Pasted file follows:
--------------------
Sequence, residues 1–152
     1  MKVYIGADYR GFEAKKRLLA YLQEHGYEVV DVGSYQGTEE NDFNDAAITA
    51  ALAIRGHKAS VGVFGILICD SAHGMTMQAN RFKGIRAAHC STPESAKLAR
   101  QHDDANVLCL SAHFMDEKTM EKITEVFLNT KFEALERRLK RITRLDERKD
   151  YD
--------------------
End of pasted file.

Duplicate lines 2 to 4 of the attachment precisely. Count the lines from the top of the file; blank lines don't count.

     1  MKVYIGADYR GFEAKKRLLA YLQEHGYEVV DVGSYQGTEE NDFNDAAITA
    51  ALAIRGHKAS VGVFGILICD SAHGMTMQAN RFKGIRAAHC STPESAKLAR
   101  QHDDANVLCL SAHFMDEKTM EKITEVFLNT KFEALERRLK RITRLDERKD